I’ve been making lots of seed and nut butters recently, and they are really so much more simple than I expected. I particularly love seed butters, but they can be expensive to buy if you eat them as much as I do.

I eat seed butter on its own, dip carrots in for a snack, spread it on crackers and add to sauces for stir fries. Fortunately it’s pretty straightforward to make your own. All you need are 3 cups of your choice of seeds or nuts, a food processor and about 15 minutes to blend.

The picture is one of the seed butters I made using organic sunflower seeds. They’re one of my favourite seeds and are a great substitute for peanut butter. I’ve also done this butter using a mix of seeds.


Making seed or nut butter


Step 1: Toast (optional)

Toast seeds or nuts in the oven for 15-20 minutes at 180 degrees / 160 degrees fan. Spread out them in a layer on a baking tray, turning occasionally so they don’t burn. Leave to cool for a few minutes before blending. You can skip this step, but I think the toasted flavour improves the taste of the butter.


Step 2: Blend

Tip the seeds into the food processor. Turn it up to the maximum speed and grind. The seeds will first become a fine powder and then start to clump together. You may need to stop the food processor to wipe the sides down.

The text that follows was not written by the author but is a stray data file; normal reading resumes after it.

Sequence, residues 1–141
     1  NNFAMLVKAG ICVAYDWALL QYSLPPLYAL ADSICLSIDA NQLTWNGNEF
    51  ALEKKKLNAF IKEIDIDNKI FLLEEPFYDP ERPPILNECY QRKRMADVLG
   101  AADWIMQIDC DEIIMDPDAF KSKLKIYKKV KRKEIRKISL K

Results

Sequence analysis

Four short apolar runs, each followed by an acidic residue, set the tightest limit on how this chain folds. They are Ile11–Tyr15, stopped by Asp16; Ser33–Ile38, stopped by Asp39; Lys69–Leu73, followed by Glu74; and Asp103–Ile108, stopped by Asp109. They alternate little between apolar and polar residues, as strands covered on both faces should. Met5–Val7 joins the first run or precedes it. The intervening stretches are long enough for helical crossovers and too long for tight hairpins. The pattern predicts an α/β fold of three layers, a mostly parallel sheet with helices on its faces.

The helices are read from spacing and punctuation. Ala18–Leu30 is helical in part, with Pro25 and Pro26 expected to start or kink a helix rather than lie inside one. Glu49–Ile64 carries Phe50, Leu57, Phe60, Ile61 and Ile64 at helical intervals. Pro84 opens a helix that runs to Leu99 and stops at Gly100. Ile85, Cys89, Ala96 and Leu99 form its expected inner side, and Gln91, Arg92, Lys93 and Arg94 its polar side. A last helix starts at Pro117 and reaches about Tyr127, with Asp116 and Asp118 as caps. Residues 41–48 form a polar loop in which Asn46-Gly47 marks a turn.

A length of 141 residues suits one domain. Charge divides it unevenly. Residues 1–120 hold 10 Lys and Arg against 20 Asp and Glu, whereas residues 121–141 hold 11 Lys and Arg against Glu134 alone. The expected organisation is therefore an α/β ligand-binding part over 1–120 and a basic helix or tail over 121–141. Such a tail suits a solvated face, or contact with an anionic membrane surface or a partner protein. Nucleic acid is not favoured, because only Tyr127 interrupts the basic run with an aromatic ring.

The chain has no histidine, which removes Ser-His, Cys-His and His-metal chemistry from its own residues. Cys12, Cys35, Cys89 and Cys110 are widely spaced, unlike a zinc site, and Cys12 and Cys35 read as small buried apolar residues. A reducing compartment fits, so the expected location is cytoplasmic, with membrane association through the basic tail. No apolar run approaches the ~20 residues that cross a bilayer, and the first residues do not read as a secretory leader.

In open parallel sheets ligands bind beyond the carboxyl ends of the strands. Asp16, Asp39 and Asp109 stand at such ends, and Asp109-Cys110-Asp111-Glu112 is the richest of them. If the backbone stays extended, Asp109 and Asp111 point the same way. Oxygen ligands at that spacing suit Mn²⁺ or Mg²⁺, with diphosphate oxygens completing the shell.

The mixture will begin to turn more buttery and warm up as the oil from the seeds releases. You can stop at about 13-15 minutes if you want it crunchy, or keep it going for 15-20 minutes for smooth. You can also stop for a short rest if the food processor engine gets too hot. If your mixture is still a little dry, just add a small drizzle of light extra virgin olive oil.


Step 3: Final additions

I tend to add a good sprinkle of good sea salt and ½ teaspoon honey, and blend for another 30 seconds. This is another optional step, but is a good flavour enhancer. Other optional additions are: vanilla extract, spices (e.g. cinnamon, ginger, nutmeg, chilli or cumin), or a teaspoon or two of cacao powder for a chocolate spread.


Step 4: Store

Scrape the butter into a clean glass jar, seal it and store in a cool place. It will keep for a good few weeks – but I’ve normally eaten it long before then!


Making seed or nut butterMaking seed or nut butterMaking seed or nut butterMaking seed or nut butterMaking seed or nut butterMaking seed or nut butterMaking seed or nut butter

window.dataLayer = window.dataLayer || []; function gtag(){dataLayer.push(arguments);} gtag('js', new Date()); gtag('config', 'G-KQ833JR5NE');